How NCDs stack up against FDs

There are significant differences in their regulation, structure and risk profile

If you’ve been disappointed with the low returns from your fixed deposits lately, you may be quite tempted by Non-Convertible Debenture (NCD) issues from NBFCs that promise yields of 9-plus per cent.

The returns on these debentures are clearly much higher than the fixed deposit rates offered by popular NBFCs, which are still stuck at 8 per cent.

So how does an NCD differ from an FD and how do you evaluate it?

Differing regulations

While both NCDs and FDs represent money investors loan to companies, there are significant differences in their regulation, structure and risk profile.

As the RBI is quite stringent about allowing any non-bank entity to accept public deposits, only NBFCs specifically registered with it as ‘deposit-taking’ NBFCs (https://rbi.org.in/scripts/NBFC_Pub_lic.aspx) can accept FDs from the public.

Even in this shortlist, only NBFCs with an investment grade credit rating are allowed to accept fixed deposits. Their total deposits are capped at 1.5 times their net owned funds; they can only accept deposits for 1-5 years and cannot offer interest rates higher than 12.5 per cent per annum. Auditors must regularly certify their ability to repay their deposits.

NCD issues by NBFCs, being capital market instruments, face far fewer restrictions, and are regulated by SEBI. They are required to make detailed disclosures to investors through a comprehensive ‘shelf prospectus’ that contains company details, financials and risk factors, and a ‘tranche prospectus’ that discloses the interest rates, maturity dates, end-use and the security backing a specific NCD issue. Every NBFC which issues NCDs has to disclose its credit rating, and maintain a debenture redemption reserve amounting to 25 per cent of the outstanding NCDs.

Often riskier

Despite these SEBI norms, NCDs are often riskier than FDs on three counts. One, NCDs can be offered by below-investment grade companies while FDs can be offered only by investment grade ones.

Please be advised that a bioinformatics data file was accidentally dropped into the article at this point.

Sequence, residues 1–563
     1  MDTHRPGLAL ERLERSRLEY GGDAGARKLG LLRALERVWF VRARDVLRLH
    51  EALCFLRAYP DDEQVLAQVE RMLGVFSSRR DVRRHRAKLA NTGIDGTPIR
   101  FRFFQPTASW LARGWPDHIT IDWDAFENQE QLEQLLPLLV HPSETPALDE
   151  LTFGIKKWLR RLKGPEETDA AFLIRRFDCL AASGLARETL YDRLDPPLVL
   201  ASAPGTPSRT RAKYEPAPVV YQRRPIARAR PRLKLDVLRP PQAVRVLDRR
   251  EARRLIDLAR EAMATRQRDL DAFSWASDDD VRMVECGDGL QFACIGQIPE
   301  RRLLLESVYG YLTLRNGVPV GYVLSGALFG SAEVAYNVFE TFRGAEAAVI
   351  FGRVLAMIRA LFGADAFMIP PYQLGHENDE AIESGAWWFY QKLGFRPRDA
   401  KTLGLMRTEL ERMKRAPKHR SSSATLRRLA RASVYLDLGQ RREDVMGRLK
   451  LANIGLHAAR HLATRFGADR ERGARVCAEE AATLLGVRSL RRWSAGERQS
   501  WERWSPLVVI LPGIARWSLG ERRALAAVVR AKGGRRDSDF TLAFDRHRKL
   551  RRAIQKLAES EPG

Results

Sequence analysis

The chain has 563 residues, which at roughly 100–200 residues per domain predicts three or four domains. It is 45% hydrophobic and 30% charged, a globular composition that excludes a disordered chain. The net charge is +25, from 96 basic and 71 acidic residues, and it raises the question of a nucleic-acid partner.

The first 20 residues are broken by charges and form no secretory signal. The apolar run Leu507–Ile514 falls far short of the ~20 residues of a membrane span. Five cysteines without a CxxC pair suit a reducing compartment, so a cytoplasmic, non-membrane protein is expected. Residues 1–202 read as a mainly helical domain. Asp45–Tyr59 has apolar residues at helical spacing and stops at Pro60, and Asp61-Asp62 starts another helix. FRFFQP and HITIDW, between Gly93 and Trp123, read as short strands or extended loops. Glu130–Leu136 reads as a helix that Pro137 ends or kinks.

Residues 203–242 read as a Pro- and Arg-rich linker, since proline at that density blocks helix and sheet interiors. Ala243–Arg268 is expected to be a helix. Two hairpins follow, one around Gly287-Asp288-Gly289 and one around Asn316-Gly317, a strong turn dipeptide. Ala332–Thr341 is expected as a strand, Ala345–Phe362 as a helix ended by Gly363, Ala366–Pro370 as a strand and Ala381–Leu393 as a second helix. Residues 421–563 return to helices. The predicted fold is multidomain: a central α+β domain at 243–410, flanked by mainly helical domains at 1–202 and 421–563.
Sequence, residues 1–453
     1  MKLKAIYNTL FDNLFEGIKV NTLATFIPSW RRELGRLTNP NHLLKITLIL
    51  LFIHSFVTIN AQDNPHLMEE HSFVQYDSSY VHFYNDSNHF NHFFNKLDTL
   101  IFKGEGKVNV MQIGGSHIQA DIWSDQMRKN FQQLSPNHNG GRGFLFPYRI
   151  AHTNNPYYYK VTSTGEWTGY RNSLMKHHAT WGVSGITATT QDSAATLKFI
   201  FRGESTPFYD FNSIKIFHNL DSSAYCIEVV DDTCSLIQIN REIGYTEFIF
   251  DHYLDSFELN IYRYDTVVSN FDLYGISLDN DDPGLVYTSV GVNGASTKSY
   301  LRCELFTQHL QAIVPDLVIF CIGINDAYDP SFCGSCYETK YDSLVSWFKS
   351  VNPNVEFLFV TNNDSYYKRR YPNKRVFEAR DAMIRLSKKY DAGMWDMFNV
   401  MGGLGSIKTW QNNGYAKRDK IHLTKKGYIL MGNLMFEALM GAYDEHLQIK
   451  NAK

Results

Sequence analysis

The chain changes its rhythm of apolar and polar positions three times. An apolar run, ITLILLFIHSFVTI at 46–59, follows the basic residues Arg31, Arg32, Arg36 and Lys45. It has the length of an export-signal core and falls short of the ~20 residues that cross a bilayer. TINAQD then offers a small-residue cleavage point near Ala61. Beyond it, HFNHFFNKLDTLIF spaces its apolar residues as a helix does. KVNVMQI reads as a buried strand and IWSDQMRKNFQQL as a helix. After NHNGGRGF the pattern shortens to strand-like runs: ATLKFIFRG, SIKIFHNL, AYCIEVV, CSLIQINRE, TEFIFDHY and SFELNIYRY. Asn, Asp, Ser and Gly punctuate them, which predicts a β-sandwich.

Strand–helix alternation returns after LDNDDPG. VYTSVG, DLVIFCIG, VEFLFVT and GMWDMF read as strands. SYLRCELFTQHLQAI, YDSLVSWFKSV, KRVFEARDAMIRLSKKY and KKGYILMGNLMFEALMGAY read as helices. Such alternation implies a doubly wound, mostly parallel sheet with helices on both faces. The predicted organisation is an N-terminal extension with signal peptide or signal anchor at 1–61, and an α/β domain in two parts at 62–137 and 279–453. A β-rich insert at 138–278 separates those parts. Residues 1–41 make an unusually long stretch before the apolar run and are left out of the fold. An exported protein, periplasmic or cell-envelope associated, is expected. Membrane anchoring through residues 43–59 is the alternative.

Two, defaults or delays in payment of FDs are viewed far more seriously by regulators than those in NCDs. When a company defaults on FDs, you can complain to the Company Law Board or Consumer Court, or file a civil suit. But in the case of default on NCDs, investors are expected to first approach the company’s debenture trustees for remedial action.

Three, NBFCs that are not authorised by the RBI to accept fixed deposits often approach the bond markets with high-yielding NCDs for their fund requirements. For instance, SREI Infrastructure Finance, Kosamattam Finance, Muthoot Fincorp and JM Financial have recently floated NCDs, but do not have RBI registration to accept public deposits.

Now that you are aware that NCDs are often riskier than FDs, here are four parameters to evaluate an NCD offer by.

Credit rating: Most retail investors are inclined to invest in NCDs that offer the highest premium in rates over bank deposits. But higher the interest rates, the more the default risk you’re taking. Credit ratings assigned by rating agencies are a good way to gauge the extent of default risk. Usually, NCDs rated A to AAA (single A to AAA) carry low default risk, while those rated BBB or below carry moderate to high levels of default risk. But you need to check on the credit rating of your NCD not just at the time of investment, but also during your holding period as ratings can change anytime until maturity.

Security backing: An NCD can either represent a secured or an unsecured borrowing. A secured NCD is safer because if the company runs short of funds, the collateral can be liquidated to repay you. However, even for secured bonds, the nature of the collateral matters. A ‘first charge’ on the company’s assets or ‘senior debt’ that ranks pari passu with other creditors means that your rights on the NCD are well-protected. But a ‘second charge’ or ‘subordinated debt’ indicates that you rank lower in the pecking order than other creditors.

Tenor: Longer-term bonds often look attractive on paper because they allow you to lock into fixed rates. But they entail two kinds of risk. It is difficult to evaluate the credit-worthiness of a company over long periods as the business may undergo drastic change. If market interest rates rise, you lose the opportunity to shift into higher-yielding instruments. So avoid NCDs with more than five-year lock-ins.

Calls and puts: Sometimes, while issuing high-yield NCDs, companies leave an escape hatch open to redeem the bonds early. To gauge this, check for a call option in the tranche prospectus. A put option similarly allows you to make an early exit from the bond.

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